The report Whither India? was presented by Lal Singh, General Secretary of the Communist Ghadar Party of India, on behalf of its Central Committee, at the Third Consultative Conference of CGPI held in Delhi on December 23-24, 1995.
The CGPI and the Period of the Retreat of Revolution
Taking the Struggle Against the Conciliators with Social-Democracy Right Through to the End
CGPI and the Ideological and Polemical Struggle
The Necessity for Indian Theory
The Restoration of the Unity of Indian Communists
On Political Unity
On Democratic Renewal and Taking the Anti-colonial Revolution Through to the End
The Stage of Revolution
CGPI Strategy and Plan of Action
We are on the threshold of the 15th anniversary of the founding of the Communist Ghadar Party of India (CGPI). We have come this far from the days of the Congress of the Hindustani Ghadar Party (Organisation of Indian Marxist-Leninists Abroad) in September 1977, to the founding of the Communist Ghadar Party of India on December 25, 1980, and now to this important Third Consultative Conference. A whole period of preparation to establish a single vanguard party of the working class and to develop the leading role of the working class over the entire society, has now come to an end, giving way to a new period.
We recognised in 1977 that the entire communist movement was being fragmented under the pressure of the bipolar division of the world. Different varieties of modern revisionism were playing their counter-revolutionary disruptive role by adhering to parliamentary democracy, and uniting with the state to eliminate any challenge to the existing status quo. Capitalism was flourishing and utilizing the remnants of feudalism, colonial domination and increasing imperialist penetration against the people. This flourishing capitalism, in turn, was protecting these feudal remnants, colonial domination and imperialist penetration. It was this that was responsible for the worsening conditions of the masses. A variety of revisionism called such capitalist growth and expansion as the path of "non-capitalist development". This variety of revisionism openly conciliated with the Congress Party in India and with Soviet social-imperialism internationally. We made the decision, under those conditions, to establish a vanguard party of the Indian working class in which all the Indiana communists would militate; a party that would build the political unity of the working class and broad masses of the people and open a path for the progress of society; a party based on the theoretical thinking of Marxism-Leninism in opposition to revisionism and opportunism of all hues.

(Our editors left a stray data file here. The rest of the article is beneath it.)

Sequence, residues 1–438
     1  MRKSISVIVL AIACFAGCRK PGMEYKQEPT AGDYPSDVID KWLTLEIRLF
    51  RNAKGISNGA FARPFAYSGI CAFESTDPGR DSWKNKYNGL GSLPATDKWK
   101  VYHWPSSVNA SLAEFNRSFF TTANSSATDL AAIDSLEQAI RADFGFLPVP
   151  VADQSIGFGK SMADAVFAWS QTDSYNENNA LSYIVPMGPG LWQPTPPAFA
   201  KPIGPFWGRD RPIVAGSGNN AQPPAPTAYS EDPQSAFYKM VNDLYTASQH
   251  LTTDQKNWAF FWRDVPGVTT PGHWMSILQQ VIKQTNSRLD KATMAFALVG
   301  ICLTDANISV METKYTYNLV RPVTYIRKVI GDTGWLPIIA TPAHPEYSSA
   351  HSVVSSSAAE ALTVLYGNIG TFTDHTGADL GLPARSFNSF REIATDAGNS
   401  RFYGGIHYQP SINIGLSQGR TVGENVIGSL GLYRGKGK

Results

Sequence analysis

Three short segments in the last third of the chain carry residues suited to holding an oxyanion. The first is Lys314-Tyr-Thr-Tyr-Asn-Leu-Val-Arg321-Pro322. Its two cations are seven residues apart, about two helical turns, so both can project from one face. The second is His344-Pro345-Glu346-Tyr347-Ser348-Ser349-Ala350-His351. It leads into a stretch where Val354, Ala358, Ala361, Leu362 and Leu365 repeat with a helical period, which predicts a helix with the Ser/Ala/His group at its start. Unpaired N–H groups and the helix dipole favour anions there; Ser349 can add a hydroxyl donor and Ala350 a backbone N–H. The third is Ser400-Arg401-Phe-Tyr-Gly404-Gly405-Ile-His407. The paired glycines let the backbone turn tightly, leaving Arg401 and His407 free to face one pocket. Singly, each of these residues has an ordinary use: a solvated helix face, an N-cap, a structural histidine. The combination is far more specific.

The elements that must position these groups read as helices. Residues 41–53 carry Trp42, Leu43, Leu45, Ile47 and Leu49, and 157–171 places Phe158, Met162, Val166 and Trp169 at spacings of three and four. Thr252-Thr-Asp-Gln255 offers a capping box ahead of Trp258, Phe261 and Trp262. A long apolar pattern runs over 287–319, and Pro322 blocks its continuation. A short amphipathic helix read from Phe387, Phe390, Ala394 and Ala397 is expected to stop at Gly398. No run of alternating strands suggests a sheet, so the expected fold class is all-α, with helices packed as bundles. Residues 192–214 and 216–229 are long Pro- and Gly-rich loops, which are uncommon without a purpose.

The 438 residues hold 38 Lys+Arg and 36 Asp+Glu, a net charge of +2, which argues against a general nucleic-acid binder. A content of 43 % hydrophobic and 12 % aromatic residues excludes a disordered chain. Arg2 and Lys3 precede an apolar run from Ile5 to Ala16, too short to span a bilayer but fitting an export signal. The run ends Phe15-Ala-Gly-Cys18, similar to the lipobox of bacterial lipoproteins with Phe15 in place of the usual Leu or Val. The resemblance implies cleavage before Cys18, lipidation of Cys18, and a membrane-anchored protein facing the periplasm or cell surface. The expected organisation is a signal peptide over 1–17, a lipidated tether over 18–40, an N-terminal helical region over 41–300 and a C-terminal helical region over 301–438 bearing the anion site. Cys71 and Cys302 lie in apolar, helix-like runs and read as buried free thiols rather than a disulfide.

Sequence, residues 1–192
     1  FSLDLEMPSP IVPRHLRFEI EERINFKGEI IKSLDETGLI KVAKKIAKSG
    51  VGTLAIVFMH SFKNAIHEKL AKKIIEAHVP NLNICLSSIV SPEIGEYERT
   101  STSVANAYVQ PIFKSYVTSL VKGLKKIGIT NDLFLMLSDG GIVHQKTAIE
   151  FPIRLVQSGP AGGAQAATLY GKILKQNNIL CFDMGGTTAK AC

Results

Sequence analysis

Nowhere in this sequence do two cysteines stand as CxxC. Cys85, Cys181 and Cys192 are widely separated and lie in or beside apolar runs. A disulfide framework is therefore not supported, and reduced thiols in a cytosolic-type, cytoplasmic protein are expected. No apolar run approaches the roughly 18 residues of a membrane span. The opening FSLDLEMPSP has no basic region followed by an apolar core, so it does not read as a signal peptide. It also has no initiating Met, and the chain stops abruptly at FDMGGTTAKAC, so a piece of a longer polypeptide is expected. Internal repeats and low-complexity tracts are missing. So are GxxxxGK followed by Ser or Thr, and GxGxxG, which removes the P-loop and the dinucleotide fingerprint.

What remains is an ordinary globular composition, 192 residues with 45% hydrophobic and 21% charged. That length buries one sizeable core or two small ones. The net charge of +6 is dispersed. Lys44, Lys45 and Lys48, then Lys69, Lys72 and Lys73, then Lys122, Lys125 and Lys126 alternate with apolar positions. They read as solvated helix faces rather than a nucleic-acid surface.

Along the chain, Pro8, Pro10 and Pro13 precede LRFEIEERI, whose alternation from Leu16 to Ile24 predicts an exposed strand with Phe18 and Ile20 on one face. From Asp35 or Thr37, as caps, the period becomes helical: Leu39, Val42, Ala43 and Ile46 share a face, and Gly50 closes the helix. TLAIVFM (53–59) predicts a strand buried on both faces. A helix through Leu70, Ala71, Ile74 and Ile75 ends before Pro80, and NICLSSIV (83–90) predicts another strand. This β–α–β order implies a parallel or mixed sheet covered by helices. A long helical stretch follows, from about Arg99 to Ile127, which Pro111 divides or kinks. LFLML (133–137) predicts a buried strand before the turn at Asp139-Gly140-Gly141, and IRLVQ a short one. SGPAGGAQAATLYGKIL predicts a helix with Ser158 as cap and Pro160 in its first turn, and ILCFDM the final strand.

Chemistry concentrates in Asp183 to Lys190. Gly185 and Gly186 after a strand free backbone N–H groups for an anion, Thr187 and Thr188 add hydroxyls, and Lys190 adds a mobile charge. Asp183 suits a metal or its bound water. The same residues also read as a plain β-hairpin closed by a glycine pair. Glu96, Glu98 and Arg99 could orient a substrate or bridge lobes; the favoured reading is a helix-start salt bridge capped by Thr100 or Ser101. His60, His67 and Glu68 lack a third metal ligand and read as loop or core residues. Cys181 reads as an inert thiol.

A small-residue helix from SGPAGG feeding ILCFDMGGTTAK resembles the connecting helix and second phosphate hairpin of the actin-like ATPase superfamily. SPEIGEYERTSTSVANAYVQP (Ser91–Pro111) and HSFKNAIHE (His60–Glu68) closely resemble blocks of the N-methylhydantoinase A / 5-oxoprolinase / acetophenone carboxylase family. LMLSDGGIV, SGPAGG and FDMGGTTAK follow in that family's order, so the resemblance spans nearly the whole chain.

All of us knew at that time that it would be extremely difficult to carry out the work decided upon, but we also knew that it was not an impossible task. We still maintain this to be the case today. In spite of all the twists and turns of the revolution, including its retreat at the present, we did not deviate from this from this plan of establishing a single vanguard party of the working class in whose ranks all the Indian communist would militate.
Cover photograph: Red question mark over India.